HL Deb 31 May 1945 vol 136 cc298-300

3.17 p.m.


My Lords, I apologize for having kept you waiting for a few moments. Your Lordships will have read in the Press this morning the statement which my right honourable friend the Foreign Secretary made in another place yesterday evening as to the serious state of affairs in Syria and the Lebanon. He undertook on that occasion to keep Parliament informed as early as he could of the decisions taken by His Majesty's Government in connexion with these deplorable incidents. He is making a statement in another place this afternoon in fulfilment of this undertaking, and he has asked me to give your Lordships a statement in similar terms. I shall therefore, with your Lordships' permission, read precisely what the Foreign Secretary is stating at this moment in another place.

The situation has deteriorated still further since last night. Our Minister in Damascus reports that there was very heavy fighting and shelling during the night and that two great fires were burning in the centre of the city, about a mile apart, but spreading. All telephone communication has been cut between Damascus and the sea coast and we are only in touch with him through the Army. An armistice was arranged with the French military authorities yesterday afternoon and the British and United States civilian colonies were evacuated from Damascus. After that the centre of the city was subjected to the heaviest and most concentrated shell fire yet directed upon it. It was also bombed from the air. The Governor of Hama has appealed to the Ninth Army to arrange an armistice in order that the many dead and wounded may be evacuated. The fighting has spread to other parts of Syria, and notably to Jebel-Druze, where French officers have been taken prisoner. The President and the Government of Syria have sent an urgent appeal to His Majesty's Government reminding us that we had endorsed the promise of independence and that we had said that the Treaty negotiations with France should be conducted freely and not under duress.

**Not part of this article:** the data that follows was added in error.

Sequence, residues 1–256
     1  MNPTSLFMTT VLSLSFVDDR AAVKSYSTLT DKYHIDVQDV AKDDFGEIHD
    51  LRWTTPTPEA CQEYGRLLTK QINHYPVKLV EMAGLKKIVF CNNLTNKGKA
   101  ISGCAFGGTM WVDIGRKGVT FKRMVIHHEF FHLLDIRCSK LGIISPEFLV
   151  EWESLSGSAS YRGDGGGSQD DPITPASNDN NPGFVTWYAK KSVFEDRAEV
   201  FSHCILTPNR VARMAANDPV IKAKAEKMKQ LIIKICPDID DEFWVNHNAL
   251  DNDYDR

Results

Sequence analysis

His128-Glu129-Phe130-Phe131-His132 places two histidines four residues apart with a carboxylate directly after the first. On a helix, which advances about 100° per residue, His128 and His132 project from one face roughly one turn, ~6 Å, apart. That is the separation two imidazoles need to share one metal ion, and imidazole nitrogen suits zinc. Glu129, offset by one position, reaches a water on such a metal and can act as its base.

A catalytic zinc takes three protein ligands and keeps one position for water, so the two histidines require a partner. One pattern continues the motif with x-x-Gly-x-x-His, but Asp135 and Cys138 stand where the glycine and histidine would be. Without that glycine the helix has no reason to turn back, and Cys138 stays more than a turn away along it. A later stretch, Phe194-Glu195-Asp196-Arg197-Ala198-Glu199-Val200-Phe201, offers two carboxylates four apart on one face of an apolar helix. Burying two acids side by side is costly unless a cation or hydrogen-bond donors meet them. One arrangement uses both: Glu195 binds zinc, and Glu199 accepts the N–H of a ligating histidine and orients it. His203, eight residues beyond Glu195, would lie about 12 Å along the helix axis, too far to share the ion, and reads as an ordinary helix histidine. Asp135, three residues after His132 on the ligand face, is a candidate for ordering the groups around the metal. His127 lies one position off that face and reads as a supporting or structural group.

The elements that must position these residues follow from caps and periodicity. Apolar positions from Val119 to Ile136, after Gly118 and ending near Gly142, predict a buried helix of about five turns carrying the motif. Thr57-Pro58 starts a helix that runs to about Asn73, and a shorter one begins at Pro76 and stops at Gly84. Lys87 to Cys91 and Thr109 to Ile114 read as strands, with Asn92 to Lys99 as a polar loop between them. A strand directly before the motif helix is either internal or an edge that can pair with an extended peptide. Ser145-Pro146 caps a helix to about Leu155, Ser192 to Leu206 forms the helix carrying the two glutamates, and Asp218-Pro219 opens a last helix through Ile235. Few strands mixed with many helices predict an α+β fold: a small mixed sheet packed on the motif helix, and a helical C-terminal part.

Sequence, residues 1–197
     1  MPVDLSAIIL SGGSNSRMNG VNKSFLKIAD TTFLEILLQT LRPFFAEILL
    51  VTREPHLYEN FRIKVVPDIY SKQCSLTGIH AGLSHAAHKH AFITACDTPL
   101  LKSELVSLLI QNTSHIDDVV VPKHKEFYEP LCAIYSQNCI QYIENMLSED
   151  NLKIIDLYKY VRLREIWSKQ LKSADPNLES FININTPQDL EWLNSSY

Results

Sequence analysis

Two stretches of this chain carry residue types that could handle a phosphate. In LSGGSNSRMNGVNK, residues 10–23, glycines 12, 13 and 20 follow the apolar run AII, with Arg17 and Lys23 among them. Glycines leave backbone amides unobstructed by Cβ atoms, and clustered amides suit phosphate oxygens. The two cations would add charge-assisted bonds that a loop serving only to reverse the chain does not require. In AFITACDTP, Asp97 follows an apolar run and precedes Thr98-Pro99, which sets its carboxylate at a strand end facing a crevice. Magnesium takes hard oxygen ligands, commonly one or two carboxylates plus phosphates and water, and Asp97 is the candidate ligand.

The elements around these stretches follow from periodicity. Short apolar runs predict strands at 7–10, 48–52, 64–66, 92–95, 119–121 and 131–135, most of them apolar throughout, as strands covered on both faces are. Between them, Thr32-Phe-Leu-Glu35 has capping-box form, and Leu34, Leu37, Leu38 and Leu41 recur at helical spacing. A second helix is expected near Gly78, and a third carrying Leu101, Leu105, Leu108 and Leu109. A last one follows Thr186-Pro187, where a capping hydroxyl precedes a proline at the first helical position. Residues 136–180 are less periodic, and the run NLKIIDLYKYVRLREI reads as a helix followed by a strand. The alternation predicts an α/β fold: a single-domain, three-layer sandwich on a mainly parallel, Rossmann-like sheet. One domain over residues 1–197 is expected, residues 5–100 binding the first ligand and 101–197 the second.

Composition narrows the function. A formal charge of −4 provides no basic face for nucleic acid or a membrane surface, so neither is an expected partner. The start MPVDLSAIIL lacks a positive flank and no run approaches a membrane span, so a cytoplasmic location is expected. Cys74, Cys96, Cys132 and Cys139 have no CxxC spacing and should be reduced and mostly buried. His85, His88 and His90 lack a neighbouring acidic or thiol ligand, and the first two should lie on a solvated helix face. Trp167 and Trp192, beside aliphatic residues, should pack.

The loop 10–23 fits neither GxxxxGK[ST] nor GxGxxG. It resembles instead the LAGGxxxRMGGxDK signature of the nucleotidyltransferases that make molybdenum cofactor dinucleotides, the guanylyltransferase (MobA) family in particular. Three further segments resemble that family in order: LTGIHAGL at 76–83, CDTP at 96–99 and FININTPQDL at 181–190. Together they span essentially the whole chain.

The greatest concern has been caused in the Middle East and serious fears are entertained for the state of tranquillity which is necessary in that area if a vital line of communication to the Far East is not to be disturbed. Every possible effort has been made to enjoin calm on both sides and I do not think that any further appeal in this sense would have any effect. In all the circumstances, His Majesty's Government have come to the conclusion that they cannot any longer stand aside, and the Prime Minister has accordingly to-day sent the following message to General de Gaulle: In view of the grave situation which has arisen between your troops and the Levant States, and the severe lighting which has broken out, we have, with profound regret, ordered the Commander-in-Chief, Middle East, to intervene and to prevent further effusion of blood in the interests of the security of the whole Middle East which involves communications for the war against Japan. In order to avoid collision between British and French Forces we request you immediately to order the French troops to cease fire and to withdraw to their barracks. Once firing has ceased, and order has been restored, we shall be prepared to begin tripartite discussions in London. That is the end of the telegram to General de Gaulle.